A decade after Utah's most recent appearance in the NBA Finals, several key contributors were still with the organization.
The cast includes head coach Jerry Sloan, assistant coaches Phil Johnson and Scott Layden, as well as guard Jeff Hornacek — a special assistant on the coaching staff.
"Time flies when you're having fun," Johnson quipped when asked about the 10th anniversary of the organization's back-to-back trips to the league championship series.
"I think it's unique and a credit to Larry Miller and how he is and Coach Sloan and how he is," Layden said of the number of folks still with the team. "It shows that this franchise is still very stable and really has done things the right way for so many years.
"But it's really both of those guys (Miller and Sloan) that you have to point to and look at as far as the core of the transition and where we are today," he added.
There's a link that has survived the test of time.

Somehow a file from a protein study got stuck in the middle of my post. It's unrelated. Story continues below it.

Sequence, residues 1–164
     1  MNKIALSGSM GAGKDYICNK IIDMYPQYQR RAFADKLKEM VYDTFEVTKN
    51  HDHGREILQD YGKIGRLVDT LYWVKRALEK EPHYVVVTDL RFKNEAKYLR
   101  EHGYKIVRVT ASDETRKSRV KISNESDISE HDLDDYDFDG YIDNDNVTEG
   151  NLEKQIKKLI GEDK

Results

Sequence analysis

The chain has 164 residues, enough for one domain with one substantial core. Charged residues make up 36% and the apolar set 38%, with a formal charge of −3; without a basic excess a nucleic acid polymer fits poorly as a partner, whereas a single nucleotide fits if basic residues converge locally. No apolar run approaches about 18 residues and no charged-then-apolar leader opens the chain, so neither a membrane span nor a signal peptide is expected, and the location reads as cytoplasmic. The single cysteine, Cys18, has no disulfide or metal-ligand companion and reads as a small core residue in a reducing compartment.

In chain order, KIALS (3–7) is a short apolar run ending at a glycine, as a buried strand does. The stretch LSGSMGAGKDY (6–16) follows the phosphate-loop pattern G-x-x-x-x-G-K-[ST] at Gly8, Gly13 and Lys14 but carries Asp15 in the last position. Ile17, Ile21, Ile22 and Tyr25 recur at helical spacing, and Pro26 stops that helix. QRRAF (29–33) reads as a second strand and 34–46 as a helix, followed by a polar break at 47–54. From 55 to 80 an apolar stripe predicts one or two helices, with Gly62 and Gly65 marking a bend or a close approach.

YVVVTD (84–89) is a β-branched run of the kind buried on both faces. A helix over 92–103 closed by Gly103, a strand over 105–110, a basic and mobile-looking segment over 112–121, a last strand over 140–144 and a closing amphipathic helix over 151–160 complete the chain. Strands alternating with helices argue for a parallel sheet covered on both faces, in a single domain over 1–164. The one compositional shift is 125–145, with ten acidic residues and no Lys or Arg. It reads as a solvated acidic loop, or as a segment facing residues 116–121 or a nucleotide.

"It's funny because when I came back here it seems like it was just yesterday," Hornacek said. "Then you get guys like (current Jazz guard) Ronnie Price. (During the 2008 playoffs), he was telling me: 'Hey, I was watching those finals when I was like in seventh grade.' I'm like 'Oh man, that must have been a little while ago then."'
A lot has happened in the past decade.
Star players John Stockton and Karl Malone have been immortalized with statues in front of the arena (formerly known as the Delta Center and now called EnergySolutions Arena). Both players have also had their jersey numbers retired, as has Hornacek.
The franchise is now undergoing a revival of success — winning two consecutive division titles and reaching the Western Conference finals in 2007.
Though an NBA championship remains elusive, three players who reached the finals with Utah managed to earn a ring elsewhere — Greg Foster with the Los Angeles Lakers in 2001; Shandon Anderson with the Miami Heat in 2006; and Jacque Vaughn with the San Antonio Spurs in 2007. Vaughn, a Jazz rookie in 1997-98, is the only former Utah finalist still in the league a decade later.
The fact that so few wound up winning a title weighs heavily on Layden. He's especially mindful of his father Frank Layden, Miller, Sloan and future Hall of Famers Stockton and Malone.
"All the other years that we were close ... I felt bad that that group — those five guys — did not win a championship," Scott Layden said. "Because they were all championship people and they deserved that. I often reflect on that."